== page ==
U.S.-listed exchange-traded funds and products suffered net outflows of $3 billion in March after giving up $10.6 billion in February, the independent research and consultancy firm ETFGI reported this week.
The report said the majority of these outflows could be ascribed to the top 20 ETFs by net outflows, which collectively have hemorrhaged $52 billion during 2018. SPDR S&P 500 ETF Trust (SPY US) on its own accounted for net outflows of $14.5 billion.
Among other ETFs with large first-quarter outflows were these:
- iShares MSCI EAFE ETF (EFA US): $6.4 billion
- iShares iBoxx $ Investment Grade Corporate Bond ETF (LQD US): $5.7 billion
- iShares Russell 1000 Value ETF (IWD US): $3.8 billion
- iShares iBoxx $ High Yield Corporate Bond ETF (HYG US): $3.2 billion
- SPDR Bloomberg Barclays High Yield Bond ETF (JNK US): $3.2 billion
- Wisdom Tree Japan Hedged Equity Fund (DXJ US): $2.4 billion
- Vanguard Real Estate ETF (VNQ US): $2.2 billion
- Wisdom Tree Europe Hedge Equity Fund (HEDJ US): $1.1 billion
- iShares MSCI Eurozone ETF (EZU US): $1.1 billion
Year to date through March, U.S.-listed funds had net inflows of $65 billion, way off the $134 billion recorded for the same period in 2017.
At the end of the first quarter, the U.S. ETF/ETP industry had 2,180 funds from 138 providers on three exchanges, with $3.4 trillion in assets.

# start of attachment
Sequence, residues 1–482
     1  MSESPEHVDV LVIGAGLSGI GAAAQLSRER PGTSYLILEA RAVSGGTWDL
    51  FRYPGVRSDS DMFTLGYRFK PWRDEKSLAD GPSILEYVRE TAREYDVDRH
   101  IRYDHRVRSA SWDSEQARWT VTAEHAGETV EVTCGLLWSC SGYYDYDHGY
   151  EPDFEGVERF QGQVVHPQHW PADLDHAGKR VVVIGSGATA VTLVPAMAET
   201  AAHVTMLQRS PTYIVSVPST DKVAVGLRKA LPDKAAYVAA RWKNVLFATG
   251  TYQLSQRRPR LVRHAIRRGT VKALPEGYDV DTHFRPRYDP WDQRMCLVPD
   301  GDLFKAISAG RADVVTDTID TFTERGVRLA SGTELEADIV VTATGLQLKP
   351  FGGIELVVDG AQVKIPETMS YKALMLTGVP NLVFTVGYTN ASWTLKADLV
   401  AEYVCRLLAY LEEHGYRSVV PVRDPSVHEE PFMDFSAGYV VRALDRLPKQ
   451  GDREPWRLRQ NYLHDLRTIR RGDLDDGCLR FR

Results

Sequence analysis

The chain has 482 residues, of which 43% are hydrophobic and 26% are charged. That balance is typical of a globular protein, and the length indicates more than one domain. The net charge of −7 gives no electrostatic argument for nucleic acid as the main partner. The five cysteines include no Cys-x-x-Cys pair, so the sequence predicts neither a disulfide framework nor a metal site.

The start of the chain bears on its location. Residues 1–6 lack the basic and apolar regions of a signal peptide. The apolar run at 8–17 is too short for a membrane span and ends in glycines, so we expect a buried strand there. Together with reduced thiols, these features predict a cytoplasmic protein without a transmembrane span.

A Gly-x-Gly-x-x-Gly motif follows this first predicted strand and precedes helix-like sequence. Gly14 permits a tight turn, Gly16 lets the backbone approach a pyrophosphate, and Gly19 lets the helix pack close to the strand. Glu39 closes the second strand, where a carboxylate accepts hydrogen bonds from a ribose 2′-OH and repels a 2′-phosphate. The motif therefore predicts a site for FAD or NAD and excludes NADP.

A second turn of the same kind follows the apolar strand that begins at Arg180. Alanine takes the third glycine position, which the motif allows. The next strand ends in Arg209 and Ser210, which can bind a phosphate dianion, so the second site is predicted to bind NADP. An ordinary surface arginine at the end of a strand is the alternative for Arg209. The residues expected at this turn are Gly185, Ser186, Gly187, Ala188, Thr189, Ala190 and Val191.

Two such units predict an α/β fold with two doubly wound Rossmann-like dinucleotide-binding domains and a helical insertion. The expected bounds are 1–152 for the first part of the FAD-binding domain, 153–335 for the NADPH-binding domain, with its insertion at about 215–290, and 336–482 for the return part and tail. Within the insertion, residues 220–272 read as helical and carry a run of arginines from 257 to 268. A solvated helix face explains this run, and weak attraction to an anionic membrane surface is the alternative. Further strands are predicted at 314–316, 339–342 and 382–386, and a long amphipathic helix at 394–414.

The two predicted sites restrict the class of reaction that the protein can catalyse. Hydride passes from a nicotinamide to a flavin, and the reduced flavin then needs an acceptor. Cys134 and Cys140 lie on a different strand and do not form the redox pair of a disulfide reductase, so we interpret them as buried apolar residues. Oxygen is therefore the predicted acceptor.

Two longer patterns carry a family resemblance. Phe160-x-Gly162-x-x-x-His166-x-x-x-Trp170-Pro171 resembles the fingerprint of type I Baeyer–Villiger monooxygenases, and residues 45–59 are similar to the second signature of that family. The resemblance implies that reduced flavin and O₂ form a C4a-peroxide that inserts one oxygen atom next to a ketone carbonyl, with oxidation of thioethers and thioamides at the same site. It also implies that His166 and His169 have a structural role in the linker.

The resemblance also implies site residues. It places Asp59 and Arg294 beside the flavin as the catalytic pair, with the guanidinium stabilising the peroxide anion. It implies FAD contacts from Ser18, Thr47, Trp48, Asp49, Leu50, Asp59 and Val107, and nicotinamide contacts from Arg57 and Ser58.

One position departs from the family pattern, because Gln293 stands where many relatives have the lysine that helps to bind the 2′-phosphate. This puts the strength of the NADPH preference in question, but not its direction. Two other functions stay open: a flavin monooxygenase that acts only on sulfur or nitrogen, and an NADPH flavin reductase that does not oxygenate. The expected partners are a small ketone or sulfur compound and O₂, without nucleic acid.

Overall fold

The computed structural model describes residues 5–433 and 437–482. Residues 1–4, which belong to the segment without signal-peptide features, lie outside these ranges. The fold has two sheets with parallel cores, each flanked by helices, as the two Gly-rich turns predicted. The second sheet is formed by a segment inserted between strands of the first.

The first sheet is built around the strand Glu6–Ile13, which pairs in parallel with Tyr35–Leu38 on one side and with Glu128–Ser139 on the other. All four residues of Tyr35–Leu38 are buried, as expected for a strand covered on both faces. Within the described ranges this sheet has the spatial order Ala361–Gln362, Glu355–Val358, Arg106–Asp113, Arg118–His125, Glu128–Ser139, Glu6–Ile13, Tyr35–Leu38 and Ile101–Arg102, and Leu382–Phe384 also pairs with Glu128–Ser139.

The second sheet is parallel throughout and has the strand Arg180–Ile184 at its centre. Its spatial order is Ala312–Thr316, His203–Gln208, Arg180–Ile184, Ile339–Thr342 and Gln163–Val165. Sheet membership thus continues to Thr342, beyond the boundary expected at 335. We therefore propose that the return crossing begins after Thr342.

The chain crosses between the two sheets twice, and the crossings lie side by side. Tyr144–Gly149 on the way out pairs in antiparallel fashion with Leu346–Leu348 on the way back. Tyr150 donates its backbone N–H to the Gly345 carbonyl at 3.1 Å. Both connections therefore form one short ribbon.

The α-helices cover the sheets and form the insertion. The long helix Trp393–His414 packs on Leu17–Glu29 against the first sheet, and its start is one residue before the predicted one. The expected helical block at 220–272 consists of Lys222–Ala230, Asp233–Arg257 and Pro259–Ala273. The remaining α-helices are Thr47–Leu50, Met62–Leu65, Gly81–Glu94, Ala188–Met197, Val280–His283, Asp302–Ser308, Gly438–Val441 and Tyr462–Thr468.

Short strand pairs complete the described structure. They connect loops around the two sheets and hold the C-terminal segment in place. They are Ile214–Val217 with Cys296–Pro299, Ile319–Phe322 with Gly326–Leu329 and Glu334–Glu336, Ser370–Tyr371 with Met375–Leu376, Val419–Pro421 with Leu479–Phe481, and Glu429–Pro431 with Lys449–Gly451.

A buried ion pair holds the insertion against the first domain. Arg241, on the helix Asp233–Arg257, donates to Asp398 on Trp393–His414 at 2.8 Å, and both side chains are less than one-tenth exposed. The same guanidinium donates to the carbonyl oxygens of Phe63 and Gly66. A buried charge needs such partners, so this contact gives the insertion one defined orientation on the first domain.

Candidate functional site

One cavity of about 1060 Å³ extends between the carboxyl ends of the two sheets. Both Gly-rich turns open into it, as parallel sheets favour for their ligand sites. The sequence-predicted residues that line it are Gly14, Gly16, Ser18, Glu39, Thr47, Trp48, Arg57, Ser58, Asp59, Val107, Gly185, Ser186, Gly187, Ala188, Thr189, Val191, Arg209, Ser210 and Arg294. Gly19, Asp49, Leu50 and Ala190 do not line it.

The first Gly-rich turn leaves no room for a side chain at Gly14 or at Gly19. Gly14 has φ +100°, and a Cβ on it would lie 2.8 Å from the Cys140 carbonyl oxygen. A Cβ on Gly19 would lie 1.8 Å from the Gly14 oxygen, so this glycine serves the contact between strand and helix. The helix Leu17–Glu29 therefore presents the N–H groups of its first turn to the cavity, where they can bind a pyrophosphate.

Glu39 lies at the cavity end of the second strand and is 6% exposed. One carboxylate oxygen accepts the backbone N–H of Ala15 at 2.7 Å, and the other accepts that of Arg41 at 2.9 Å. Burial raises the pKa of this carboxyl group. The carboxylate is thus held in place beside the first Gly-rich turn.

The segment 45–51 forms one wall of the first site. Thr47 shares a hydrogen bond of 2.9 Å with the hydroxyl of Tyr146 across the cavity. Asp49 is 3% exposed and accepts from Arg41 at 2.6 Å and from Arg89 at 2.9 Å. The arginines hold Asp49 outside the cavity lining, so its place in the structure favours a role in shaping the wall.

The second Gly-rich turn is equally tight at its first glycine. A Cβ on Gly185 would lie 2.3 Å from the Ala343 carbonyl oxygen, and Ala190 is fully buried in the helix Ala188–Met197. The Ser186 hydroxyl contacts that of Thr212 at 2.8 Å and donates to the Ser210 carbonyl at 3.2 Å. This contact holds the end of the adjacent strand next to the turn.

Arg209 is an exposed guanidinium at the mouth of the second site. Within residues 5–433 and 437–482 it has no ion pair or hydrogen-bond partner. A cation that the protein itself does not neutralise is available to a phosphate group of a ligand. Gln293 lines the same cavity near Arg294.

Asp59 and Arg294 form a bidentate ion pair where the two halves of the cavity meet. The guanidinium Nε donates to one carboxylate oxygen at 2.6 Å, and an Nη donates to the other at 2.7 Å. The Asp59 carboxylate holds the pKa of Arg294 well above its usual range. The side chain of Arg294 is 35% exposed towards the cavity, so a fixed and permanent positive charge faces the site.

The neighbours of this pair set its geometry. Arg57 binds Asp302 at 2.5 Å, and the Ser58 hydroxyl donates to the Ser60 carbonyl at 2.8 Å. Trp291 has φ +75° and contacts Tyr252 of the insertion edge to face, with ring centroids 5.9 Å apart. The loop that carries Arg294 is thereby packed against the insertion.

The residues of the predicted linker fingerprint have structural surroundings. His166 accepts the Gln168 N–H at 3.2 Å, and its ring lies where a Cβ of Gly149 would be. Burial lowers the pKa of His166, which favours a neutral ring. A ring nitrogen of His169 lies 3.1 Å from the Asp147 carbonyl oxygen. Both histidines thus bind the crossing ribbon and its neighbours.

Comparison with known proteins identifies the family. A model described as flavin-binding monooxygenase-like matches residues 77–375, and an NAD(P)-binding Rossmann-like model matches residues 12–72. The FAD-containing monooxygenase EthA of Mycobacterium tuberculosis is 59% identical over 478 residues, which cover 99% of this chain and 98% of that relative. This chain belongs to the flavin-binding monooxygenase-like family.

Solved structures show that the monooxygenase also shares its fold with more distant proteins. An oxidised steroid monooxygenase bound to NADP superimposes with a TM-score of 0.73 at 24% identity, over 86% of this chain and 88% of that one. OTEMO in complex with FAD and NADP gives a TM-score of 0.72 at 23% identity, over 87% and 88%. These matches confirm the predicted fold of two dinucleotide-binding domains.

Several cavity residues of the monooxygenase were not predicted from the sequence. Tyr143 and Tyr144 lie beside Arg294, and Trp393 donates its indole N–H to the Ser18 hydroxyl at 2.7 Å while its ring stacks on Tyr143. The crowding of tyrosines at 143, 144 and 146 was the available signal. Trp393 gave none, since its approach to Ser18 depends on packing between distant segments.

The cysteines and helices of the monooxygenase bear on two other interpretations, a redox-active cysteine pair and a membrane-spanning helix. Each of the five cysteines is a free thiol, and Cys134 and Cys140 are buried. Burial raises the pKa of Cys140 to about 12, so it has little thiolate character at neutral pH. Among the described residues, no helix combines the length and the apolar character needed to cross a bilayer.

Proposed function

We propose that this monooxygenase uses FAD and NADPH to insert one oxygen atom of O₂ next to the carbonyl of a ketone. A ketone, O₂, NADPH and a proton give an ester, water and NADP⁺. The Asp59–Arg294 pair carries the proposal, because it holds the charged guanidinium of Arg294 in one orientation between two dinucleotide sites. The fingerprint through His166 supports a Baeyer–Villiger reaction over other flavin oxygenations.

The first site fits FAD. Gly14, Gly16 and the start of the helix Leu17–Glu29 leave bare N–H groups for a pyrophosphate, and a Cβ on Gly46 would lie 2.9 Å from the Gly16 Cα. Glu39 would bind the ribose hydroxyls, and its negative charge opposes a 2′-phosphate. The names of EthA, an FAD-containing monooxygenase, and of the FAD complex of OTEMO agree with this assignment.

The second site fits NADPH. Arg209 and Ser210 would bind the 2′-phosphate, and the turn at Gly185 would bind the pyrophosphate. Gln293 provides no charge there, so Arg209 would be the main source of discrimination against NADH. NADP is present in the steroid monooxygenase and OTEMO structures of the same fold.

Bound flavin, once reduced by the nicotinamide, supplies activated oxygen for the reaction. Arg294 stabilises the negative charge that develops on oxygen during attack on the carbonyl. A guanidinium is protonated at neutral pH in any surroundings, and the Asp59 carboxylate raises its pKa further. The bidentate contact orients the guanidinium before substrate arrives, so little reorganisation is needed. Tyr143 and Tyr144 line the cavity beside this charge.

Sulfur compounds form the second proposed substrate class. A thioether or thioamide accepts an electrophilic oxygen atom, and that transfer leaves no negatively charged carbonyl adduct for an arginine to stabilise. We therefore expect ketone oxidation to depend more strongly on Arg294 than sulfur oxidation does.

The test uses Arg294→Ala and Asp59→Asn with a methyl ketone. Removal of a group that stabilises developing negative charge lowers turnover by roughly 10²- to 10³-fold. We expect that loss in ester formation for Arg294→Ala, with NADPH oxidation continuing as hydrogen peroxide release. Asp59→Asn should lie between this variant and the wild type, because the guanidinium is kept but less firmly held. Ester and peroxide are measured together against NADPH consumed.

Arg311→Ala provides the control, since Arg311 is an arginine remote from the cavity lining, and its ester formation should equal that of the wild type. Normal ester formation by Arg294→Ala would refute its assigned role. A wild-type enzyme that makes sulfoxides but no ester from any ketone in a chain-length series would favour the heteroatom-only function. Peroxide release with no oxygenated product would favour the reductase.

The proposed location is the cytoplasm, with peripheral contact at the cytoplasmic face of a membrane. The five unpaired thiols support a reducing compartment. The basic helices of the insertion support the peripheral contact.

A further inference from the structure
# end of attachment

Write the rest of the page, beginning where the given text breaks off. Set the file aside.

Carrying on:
ETFGI reported that ETFs/ETPs listed globally had net inflows of $19 billion in March, the 50th consecutive month of net inflows, albeit 72% below net inflows in March 2017.
Investors tended to invest in core, market cap and lower cost ETFs in March, according to ETFGI. The iShares Core MSCI EAFE ETF (IEFA US) and TOPIX Exchange Traded Fund (1306 JP) captured most of the flows.
For the year to date, net inflows into globally listed funds amounted to $137 billion, compared with net inflows of $197 billion in the year-ago quarter.
At the end of March, the global ETF/ETP sector had 7,389 ETFs/ETPs, with 13,926 listings from 368 providers on 69 exchanges in 57 countries. Global assets stood at $4.9 trillion, down 1% from the February total.
February and March asset flows took the bloom off the bright start of the year when global assets passed the $5 trillion milestone in January.
— Check out Wall Street’s $6 Trillion Man Larry Fink Is Worth $1 Billion on ThinkAdvisor.